Going Limbic

Years ago I worked for a business which fairly dramatically went from a period of great prosperity into sharp decline of revenues.  The leadership of the business, who had been used to leading growth had little experience of what to do in such a crisis.  All of a sudden leaders who had been visionary and inspiring became indecisive and autocratic at the same time.

A highly insightful colleague described the leadership as having “Gone Limbic”.  Meaning that instead of applying their usually cerebral thinking approach to the problem, they were, in effect, panicking.

I am sure most of us have had the experience of “going limbic” at some time.  Something highly stressful triggers an emotional reaction which makes it hard or impossible to think. Tasks or evaluations that we would normally take in our stride become challenging or impossible and our decision making is seriously impaired.

If we are sufficiently self aware when such an experience occurs we may be able to calm ourselves down and get a better grip on the situation.  If we have had similar experiences before we may even have some techniques we can use.

In a business situation where an extreme reversal takes place and the whole management team are pitched into a steep change curve that they had not anticipated, the whole team can “go limbic.”  When this occurs in a group it is very difficult for any individual to simply calm things down and create the opportunity for rational thought.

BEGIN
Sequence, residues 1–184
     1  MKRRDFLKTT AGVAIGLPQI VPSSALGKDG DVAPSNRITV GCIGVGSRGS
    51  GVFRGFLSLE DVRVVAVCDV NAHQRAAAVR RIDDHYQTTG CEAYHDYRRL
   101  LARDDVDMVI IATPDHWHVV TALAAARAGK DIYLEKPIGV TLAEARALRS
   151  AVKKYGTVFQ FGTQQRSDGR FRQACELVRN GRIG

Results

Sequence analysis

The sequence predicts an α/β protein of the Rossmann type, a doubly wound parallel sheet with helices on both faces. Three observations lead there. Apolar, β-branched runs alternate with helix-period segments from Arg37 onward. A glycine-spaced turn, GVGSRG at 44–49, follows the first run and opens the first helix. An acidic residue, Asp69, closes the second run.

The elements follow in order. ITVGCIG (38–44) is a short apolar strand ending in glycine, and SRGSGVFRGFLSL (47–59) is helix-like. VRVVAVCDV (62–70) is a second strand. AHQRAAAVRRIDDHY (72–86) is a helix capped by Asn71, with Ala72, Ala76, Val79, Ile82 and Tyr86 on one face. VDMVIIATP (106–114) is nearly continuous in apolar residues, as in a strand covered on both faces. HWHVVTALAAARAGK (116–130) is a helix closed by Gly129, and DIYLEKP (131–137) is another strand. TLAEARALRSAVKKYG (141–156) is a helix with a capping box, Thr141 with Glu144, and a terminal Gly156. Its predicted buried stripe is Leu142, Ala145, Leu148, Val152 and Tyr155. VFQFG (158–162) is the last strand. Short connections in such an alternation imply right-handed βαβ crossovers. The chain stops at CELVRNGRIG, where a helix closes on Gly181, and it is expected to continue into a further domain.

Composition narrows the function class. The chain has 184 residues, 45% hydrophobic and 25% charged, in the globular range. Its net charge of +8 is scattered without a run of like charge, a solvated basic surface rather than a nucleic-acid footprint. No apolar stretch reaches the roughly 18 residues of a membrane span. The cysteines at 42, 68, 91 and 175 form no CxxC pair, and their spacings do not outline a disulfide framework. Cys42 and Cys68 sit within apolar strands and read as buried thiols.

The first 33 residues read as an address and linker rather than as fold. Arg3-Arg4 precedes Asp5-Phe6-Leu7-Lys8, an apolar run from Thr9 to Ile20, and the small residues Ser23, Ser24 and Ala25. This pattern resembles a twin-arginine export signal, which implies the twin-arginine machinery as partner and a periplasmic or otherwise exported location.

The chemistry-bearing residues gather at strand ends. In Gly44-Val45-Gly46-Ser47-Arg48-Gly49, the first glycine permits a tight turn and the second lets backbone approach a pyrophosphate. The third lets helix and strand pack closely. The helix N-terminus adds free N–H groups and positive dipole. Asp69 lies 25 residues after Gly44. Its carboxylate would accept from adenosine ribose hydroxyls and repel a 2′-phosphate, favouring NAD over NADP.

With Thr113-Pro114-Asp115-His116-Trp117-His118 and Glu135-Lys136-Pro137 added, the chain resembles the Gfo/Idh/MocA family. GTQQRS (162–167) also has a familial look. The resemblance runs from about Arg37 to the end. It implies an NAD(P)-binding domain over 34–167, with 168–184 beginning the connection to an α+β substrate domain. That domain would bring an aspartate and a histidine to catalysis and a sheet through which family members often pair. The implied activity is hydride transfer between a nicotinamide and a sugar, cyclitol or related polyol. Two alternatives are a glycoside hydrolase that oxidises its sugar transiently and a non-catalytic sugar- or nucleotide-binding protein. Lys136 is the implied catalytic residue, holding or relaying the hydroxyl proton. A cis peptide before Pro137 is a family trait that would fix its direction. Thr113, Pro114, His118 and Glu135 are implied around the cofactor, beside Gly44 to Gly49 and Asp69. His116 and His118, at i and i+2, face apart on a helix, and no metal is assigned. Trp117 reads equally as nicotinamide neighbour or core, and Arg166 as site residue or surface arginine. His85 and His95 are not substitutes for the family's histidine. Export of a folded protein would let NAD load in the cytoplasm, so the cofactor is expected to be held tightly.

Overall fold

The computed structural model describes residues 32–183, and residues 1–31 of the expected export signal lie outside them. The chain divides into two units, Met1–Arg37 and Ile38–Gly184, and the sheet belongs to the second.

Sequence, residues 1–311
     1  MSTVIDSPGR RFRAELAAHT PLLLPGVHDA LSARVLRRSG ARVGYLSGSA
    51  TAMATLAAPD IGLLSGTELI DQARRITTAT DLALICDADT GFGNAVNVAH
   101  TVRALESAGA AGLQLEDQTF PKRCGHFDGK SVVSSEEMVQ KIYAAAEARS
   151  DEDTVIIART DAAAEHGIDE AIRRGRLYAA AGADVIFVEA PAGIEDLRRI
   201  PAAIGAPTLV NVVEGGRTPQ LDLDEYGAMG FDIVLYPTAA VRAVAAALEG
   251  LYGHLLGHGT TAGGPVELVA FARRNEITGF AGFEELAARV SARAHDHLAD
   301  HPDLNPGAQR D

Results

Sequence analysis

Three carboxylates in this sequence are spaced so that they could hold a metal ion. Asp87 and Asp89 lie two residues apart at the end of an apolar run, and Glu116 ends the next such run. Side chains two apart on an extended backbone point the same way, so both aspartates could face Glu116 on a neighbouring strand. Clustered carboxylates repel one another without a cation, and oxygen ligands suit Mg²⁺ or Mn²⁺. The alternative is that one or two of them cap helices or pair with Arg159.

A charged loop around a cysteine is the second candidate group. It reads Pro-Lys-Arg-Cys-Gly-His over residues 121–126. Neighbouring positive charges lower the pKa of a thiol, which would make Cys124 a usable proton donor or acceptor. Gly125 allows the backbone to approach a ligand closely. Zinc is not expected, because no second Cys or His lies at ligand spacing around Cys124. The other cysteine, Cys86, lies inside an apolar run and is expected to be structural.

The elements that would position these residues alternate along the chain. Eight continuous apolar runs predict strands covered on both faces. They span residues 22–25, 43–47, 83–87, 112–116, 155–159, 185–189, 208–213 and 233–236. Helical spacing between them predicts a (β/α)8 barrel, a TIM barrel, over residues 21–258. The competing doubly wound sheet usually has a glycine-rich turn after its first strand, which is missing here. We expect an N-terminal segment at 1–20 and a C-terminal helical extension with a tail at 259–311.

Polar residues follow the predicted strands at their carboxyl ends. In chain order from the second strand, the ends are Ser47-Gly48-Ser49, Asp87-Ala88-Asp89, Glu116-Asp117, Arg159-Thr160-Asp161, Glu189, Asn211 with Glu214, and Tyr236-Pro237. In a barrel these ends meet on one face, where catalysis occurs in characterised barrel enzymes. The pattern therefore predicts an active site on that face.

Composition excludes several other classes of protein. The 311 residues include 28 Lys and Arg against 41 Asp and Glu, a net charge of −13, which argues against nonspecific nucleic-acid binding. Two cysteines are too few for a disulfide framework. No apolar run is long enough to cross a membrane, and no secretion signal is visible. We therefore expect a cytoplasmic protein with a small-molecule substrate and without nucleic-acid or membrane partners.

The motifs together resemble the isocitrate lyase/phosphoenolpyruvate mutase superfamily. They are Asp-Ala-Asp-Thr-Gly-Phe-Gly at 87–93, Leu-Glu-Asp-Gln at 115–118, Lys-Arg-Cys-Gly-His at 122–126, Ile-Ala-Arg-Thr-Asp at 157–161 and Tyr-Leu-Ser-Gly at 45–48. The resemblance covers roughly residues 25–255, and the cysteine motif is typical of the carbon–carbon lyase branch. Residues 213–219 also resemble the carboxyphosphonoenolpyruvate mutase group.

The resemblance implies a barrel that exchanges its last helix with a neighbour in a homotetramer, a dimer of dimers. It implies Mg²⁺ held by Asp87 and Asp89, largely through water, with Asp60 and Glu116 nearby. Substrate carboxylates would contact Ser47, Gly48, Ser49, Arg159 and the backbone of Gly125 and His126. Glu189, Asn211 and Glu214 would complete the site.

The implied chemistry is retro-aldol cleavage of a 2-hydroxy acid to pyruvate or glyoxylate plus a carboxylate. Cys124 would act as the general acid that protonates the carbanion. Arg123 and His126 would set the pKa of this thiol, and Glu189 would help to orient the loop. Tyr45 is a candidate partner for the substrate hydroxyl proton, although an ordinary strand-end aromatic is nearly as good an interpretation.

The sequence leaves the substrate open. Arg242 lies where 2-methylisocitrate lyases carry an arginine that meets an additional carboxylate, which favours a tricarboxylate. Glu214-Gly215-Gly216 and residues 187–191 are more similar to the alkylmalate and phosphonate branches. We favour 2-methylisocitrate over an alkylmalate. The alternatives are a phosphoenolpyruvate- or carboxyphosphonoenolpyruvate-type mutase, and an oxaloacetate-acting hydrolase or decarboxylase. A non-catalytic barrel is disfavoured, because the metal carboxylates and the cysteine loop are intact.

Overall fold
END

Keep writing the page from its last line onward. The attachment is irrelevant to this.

If the team do “go limbic”  they will be highly susceptible to the first thing that comes along to ease their fear or stress.  So when someone suggests cutting 10% of headcount unilaterally, and the first pass of the numbers seem to back up the idea, a measure like this can be accepted quickly without ever being rationally considered in terms of the implications for the brand, the culture or the long term.

The antidote to precipitated action is preparation.  A management team that know each other well and trust each other deeply will be far less susceptible to going limbic and will be far better equipped to regain self control if they do.  If you can add in deep self knowledge, so that each individual knows themselves, their own responses to stress and how to deal with it, the “group think” element can also be diminished.

In a team building project I will usually use some personality profiling tools to help build knowledge of self and each other.  I will also help each individual  articulate their purpose, vision and values using the exercise based on the process in this e-book.  We will then develop a purpose, vision and set of values for the team, by integrating those of each individual. (In a larger organisation this will be complimentary to the purpose, vision and values of the whole).

When each individual in the management team, and indeed the whole organisation, can see the organisation as a platform for achieving their own vision and values in alignment with the business purpose, motivation and commitment shifts to a whole new level.  For the team, understanding each others’ purpose, vision and values is an important part of knowing each other and building trust.